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Fri 17 Apr 2009 04:00 AM

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Under the big top

With the renowned Cirque du Soleil: Alegria stageshow touring Dubai last month, Sound & Stage secured an exclusive all-access pass to preview the production and the impressive temporary venue constructed to stage it.

Under the big top
Under the big top
The Midas Heritage 3000 desk located FOH.
Under the big top
The cupola supports an array of lighting fixtures.
Under the big top
Thomas Duchaine, head of lighting, Cirque du Soleil: Alegria.

With the renowned Cirque du Soleil: Alegria stageshow touring Dubai last month,
Sound & Stage

secured an exclusive all-access pass to preview the production and the impressive temporary venue constructed to stage it.

Lighting vendor of choice

Electronic Theatre Controls (ETC).

Choice of lights

Leikos, gobos and strobes favoured.

The production team also utilised a number of upward-facing par cans to create flame effects in conjunction with a rig of moving light fixtures.

Audio mixing console

Midas Heritage 3000

Manual/automated tech?

Manual. Despite automation capabilities, sound and lighting is still manually operated to enhance accuracy and creativity.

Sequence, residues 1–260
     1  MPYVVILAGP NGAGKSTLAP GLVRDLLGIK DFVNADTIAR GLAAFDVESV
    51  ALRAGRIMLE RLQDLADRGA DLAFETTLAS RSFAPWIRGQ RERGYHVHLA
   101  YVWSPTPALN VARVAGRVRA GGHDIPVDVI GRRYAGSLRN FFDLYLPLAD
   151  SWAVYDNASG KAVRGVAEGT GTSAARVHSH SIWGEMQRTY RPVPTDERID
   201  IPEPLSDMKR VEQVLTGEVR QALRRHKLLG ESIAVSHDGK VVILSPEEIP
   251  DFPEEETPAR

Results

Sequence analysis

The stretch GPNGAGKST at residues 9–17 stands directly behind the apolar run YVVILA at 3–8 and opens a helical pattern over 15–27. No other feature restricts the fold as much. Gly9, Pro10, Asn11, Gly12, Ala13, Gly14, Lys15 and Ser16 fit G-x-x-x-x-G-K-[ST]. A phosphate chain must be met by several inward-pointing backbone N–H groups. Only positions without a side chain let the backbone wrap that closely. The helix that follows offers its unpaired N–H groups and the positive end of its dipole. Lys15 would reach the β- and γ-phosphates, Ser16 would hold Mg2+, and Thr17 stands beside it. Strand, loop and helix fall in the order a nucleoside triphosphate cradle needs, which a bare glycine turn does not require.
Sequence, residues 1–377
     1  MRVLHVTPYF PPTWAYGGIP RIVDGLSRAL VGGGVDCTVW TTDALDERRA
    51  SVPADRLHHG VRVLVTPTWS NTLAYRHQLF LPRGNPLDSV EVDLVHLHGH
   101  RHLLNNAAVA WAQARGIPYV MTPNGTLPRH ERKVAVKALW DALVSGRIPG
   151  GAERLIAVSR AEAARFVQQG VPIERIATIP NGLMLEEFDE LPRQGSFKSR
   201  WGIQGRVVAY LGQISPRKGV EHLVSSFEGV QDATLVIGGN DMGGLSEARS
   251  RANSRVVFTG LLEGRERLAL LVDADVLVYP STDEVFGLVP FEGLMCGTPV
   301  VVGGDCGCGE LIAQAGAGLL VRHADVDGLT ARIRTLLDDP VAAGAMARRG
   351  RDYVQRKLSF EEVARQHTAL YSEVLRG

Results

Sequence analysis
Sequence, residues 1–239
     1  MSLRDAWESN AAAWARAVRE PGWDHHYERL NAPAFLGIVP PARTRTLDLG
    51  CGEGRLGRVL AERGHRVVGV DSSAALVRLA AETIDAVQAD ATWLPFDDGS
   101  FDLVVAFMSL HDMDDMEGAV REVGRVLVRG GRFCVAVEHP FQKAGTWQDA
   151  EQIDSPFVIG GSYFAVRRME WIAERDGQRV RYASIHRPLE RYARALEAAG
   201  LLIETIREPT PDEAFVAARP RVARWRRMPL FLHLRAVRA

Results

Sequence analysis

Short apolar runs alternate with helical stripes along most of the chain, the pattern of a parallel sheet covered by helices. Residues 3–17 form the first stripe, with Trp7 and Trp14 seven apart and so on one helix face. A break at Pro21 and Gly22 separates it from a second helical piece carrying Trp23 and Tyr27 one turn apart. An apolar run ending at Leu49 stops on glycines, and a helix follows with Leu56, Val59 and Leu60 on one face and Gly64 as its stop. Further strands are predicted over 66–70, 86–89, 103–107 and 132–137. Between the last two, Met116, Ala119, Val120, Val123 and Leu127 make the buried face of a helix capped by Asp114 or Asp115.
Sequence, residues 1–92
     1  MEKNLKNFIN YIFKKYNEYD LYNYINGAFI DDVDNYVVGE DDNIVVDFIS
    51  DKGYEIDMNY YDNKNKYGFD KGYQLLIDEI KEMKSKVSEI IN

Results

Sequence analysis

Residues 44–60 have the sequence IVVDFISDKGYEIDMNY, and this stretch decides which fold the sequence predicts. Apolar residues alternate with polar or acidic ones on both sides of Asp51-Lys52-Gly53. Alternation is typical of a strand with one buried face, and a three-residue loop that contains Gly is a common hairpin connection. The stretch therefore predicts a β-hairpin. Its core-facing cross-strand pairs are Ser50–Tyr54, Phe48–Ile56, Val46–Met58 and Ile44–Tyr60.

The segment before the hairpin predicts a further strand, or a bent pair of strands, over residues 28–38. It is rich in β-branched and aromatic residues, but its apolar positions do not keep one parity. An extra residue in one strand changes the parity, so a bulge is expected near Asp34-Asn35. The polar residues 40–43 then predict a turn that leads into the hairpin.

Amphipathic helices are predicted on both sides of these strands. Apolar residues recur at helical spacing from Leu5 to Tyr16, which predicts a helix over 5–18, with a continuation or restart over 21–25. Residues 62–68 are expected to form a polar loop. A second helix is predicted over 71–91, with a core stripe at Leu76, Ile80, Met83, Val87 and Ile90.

Number of staff

Approximately 160 permanent production staff, and approximately the same number hired locally at each stop on the tour.

Alegria's tenure

15 years.

Time spent on maintenance

One day per week scheduled, plus on-the-fly repairs and cleaning.

Venue setup time

Seven days on average. Marking takes place at new venues days before the arrival of the production.

Stereo or mono audio output?

All audio outputs are mono to ensure each audience member enjoys the same aural experience, no matter where in the grandstand they are located.

Number of lighting staff on the ground

Three staff dedicated to follow-spot duties supported by one lighting desk operator.

Number of audio staff on the ground

One dedicated to front of house duties while another keeps an eye on the assembled monitors.

Integral staging technologies

The stage cupola and grid-dome. Lighting is rigged up to both structures before being raised. They are integral to the production and support not only the pro audio and lighting tech, but also supplementary rigging and the performers themselves.

Sourcing structures

All rigging and structural materials are broken down to a manageable size and transported as part of the tour.

Overall show design

Few major changes have been made to the technical aspect of the show's design since it first debuted in 1996.

Precision counts